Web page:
Plastic is an important, ubiquitous and cost-effective material in our economy and daily lives. It has multiple functions to make our lives better, safer and healthier every day. However, it has serious downsides due to its production, usage, waste and what happens to it afterwards.
Plastic production has a huge carbon footprint (6kg of CO2 per 1kg of plastic) and the global production has grown exponentially in just a few decades – from 1.5 million tonnes in 1950 to 322 million tonnes in 2015 worldwide – followed by the increase of plastic waste.1
The impact of today’s single-use plastic (i.e. packaging or other consumer products that are thrown away after one brief use) culture can be seen everywhere - even on your favorite beach.
Let’s talk about facts:
- In the EU, 40% of plastic is produced for packaging purpose.1
- Around 25.8 million tonnes of plastic waste are generated in Europe every year1 and 59% is generated by packaging2.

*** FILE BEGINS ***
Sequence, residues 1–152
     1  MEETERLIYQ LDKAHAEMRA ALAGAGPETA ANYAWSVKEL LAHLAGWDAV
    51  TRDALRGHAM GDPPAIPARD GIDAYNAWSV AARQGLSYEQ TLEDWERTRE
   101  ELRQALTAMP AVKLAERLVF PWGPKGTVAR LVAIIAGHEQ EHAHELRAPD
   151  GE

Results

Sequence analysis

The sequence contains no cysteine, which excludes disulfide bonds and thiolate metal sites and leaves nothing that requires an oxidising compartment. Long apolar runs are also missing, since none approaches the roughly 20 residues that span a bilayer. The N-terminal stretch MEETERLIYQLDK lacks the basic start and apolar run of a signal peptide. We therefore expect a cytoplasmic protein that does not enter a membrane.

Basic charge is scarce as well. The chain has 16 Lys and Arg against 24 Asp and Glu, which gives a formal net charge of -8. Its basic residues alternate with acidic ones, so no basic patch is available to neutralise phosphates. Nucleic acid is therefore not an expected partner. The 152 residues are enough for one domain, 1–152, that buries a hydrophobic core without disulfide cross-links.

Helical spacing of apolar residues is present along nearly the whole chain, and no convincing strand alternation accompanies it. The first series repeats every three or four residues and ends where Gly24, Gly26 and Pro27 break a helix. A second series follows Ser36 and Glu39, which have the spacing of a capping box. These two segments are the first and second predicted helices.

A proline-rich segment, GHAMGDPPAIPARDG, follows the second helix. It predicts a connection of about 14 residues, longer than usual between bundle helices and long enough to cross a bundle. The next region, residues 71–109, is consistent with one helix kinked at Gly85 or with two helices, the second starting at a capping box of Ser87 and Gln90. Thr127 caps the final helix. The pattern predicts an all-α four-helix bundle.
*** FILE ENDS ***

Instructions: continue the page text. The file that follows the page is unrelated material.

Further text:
- Less than a third (30%) of plastic waste is recycled1 and each 1 million tonnes of plastic recycled equals to 1 million cars off the road in CO2 benefits.3
- More than 150 million tonnes of plastic exist in the oceans today and an estimated 4.8 to 12.7 tonnes of plastic enter the oceans every year.4
- Single-use plastics are the biggest single group of waste found on sea shores - 49% of total marine litter.3
Our addiction to plastic driven by convenience is harming our planet, our future and our health. We are producing tonnes of plastic per year, of which only a small amount is recycled. Reusing and recycling are quite important but, as the numbers show, not enough.
It is time to tackle the problem: reduce single-use plastic.
1Source: Eurostat, Plastic Waste and Recycling in Europe (2016)
2Source: Eunomia, Recycling – Who Really Leads the World? (2017)
3Source: European Commission, A European Strategy for Plastics in a Circular Economy (2018)
4Source: European Parliamentary Research Service, Plastic in the ocean: the facts, effects and new EU rules (2018)